How Mike Rowe became a lightning rod for Walmart

Television personality Mike Rowe, in April 2010. File. Mike Coppola/Getty Images

When it comes to dirty jobs, Mike Rowe is finding that hawking for Walmart (WMT) leads to plenty of mud-slinging. 

Rowe, the deep-voiced host of Discovery Channel's "Dirty Jobs," sparked the controversy when he provided a voice-over for a heart-tugging Walmart ad touting the company's pledge to bring manufacturing back to the U.S. The spot first aired during the opening ceremonies of the Winter Olympics, a prime night for advertisers seeking a large audience.

Sounds great, right? After all, who isn't for a return of U.S. manufacturing? But the ad campaign took on a life of its own, with some consumers taking Rowe to task for championing what they view as an anti-union company that offers rock-bottom wages. 

The ad might not have sparked such a fierce debate if another spokesman had been tapped. But Rowe, thanks to his seven-year run on "Dirty Jobs," is viewed by many as the voice of the underdog, the overworked and the underpaid. In short, the champion of the types of people working in Walmart jobs. Rowe then threw a bucket of fuel on the fire by writing on his Facebook page in response to one consumer, "Who gives a crap about your feelings toward Walmart?"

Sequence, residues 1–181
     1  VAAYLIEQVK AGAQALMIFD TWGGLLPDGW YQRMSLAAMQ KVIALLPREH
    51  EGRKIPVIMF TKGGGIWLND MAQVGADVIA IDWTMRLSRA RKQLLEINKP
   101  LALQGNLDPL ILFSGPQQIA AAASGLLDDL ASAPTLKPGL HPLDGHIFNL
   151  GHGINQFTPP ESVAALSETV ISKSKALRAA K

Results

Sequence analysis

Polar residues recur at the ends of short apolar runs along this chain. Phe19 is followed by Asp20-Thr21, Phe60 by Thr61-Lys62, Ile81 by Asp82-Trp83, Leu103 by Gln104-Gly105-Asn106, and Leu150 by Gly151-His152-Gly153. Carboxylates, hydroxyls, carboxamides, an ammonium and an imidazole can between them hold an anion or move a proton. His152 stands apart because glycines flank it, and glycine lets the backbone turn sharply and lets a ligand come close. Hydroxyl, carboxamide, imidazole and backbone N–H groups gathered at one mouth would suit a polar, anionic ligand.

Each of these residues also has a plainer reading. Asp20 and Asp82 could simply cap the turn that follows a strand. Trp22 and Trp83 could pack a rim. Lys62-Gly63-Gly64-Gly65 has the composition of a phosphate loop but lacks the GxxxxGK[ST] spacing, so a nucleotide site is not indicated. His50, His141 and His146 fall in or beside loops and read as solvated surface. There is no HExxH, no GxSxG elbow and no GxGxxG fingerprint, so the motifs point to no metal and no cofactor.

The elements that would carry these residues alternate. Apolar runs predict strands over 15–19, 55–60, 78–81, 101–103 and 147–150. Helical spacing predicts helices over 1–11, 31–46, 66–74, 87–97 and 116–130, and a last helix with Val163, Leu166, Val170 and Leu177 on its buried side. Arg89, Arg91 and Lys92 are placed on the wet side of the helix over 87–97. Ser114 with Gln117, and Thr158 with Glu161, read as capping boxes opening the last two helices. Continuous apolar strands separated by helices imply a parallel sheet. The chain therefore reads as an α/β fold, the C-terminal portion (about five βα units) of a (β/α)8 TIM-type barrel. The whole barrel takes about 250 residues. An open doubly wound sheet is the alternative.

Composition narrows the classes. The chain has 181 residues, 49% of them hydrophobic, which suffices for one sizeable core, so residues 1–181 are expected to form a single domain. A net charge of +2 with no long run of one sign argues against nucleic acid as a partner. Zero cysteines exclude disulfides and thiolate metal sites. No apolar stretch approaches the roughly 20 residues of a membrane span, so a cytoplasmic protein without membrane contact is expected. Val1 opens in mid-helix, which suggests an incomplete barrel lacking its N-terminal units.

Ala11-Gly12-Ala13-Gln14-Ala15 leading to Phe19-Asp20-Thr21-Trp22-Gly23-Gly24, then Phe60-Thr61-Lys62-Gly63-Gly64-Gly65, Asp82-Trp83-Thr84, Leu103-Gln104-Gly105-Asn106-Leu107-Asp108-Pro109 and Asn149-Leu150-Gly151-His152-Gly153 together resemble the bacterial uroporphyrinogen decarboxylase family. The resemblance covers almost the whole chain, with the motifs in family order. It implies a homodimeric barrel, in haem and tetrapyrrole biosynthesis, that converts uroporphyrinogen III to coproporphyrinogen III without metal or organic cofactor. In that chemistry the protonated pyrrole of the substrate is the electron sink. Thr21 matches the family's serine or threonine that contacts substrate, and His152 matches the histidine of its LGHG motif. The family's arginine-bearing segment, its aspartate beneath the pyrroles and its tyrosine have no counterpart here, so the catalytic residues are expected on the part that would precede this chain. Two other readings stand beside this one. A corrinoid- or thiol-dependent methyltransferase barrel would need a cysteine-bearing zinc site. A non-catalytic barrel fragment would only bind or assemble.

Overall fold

"He dismissed people's concerns," said Jobs with Justice spokeswoman Ori Korin. "As someone who has been on the side working people before, we would have hoped he would have thought twice about working for a company that is notorious for not treating its workers well." 

Rowe didn't immediately return a request for comment. 

Walmart will continue to air the ad through the Sochi Olympics, and then it will enter the company's national ad rotation, a spokeswoman for the company said. "We're really proud and happy that people are paying attention" to the spot, she added. 

But in the meantime, Jobs with Justice is organizing a letter campaign to urge Rowe to sit down with Walmart workers and listen to their complaints of low wages and erratic schedules. So far, about 5,000 people have sent letters to Rowe, Korin said. 

Another Facebook post by Rowe, in which he defends his role in the ad, has drawn more than 14,000 comments. The majority appear to be from supporters who are bashing the "haters," with some even urging Rowe to run for political office. 

Rowe, for his part, seems to be relishing the attention. He's popping up on television and radio to defend the advertisement, as well as to promote his new book, called "Profoundly Disconnected: A True Confession from Mike Rowe."

While anti-Walmart organizers may be dismayed at Rowe's stance, he's ironically bringing more attention to what's has so far been a relatively quiet 13-month-old campaign. With Rowe spurring supporters to come out in defense of not only himself but the retailing giant, the 60-second ad might have been one of Walmart's smarter investments. 

  • Aimee Picchi

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